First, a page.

Gomez v. Dura Mark, Inc.Annotate this Case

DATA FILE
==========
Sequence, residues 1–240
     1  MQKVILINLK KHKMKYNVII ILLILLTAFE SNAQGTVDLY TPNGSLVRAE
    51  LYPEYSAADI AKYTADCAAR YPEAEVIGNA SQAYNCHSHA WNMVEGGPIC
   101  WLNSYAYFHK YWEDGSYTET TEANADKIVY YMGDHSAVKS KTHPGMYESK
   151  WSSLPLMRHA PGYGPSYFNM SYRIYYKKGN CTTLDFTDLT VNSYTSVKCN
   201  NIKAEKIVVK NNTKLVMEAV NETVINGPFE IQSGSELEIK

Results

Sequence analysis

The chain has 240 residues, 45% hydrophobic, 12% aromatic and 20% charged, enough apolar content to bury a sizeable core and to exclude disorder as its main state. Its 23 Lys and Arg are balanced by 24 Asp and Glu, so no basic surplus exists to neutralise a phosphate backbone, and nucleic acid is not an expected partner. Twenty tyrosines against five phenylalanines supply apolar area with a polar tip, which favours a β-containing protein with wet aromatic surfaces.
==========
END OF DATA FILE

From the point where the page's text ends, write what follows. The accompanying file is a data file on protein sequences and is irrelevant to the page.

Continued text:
On June 28, 2010, Appellant Maria Gomez filed a Worker’s Compensation Complaint with the Industrial Commission (Commission) claiming benefits for an accident that occurred in 2009, when she injured her lower back lifting sixty-pound boxes. The injury occurred at Blackfoot Brass (Dura Mark). Appellant had previously suffered two work-related accidents while working with Dura Mark, one in 2002, the other in 2006, but had returned to work without restrictions after participating in physical therapy for both injuries. The issue before the Supreme Court centered on a Commission order denying reconsideration of Appellant's motion to reopen the record to allow for additional evidence on the issue of causation. The Industrial Commission previously ordered that Appellant had failed to prove the medical treatment she received for a back injury was related to an industrial accident and injury. At the emergency hearing pursuant to the Judicial Rules of Practice and Procedure adopted by the Commission, Appellant introduced evidence regarding her entitlement to reasonable and necessary medical care pursuant to I.C. 72-432, but the referee denied Appellant's claim on the grounds of causation. Upon review, the Supreme Court affirmed the Commission's judgment. In doing so, the Court wanted to provide a "clear message that without a specific stipulation that causation will be a contested issue at the hearing pursuant to I.C. 72-713, and especially if there is a difference of opinion as to causation by opposing parties and their experts, claimant’s attorneys should no longer be lulled by anything other than a stipulation to all legal prerequisites and elements for recovery and be prepared to present evidence of a causal connection between the industrial injury or sickness and the required treatment."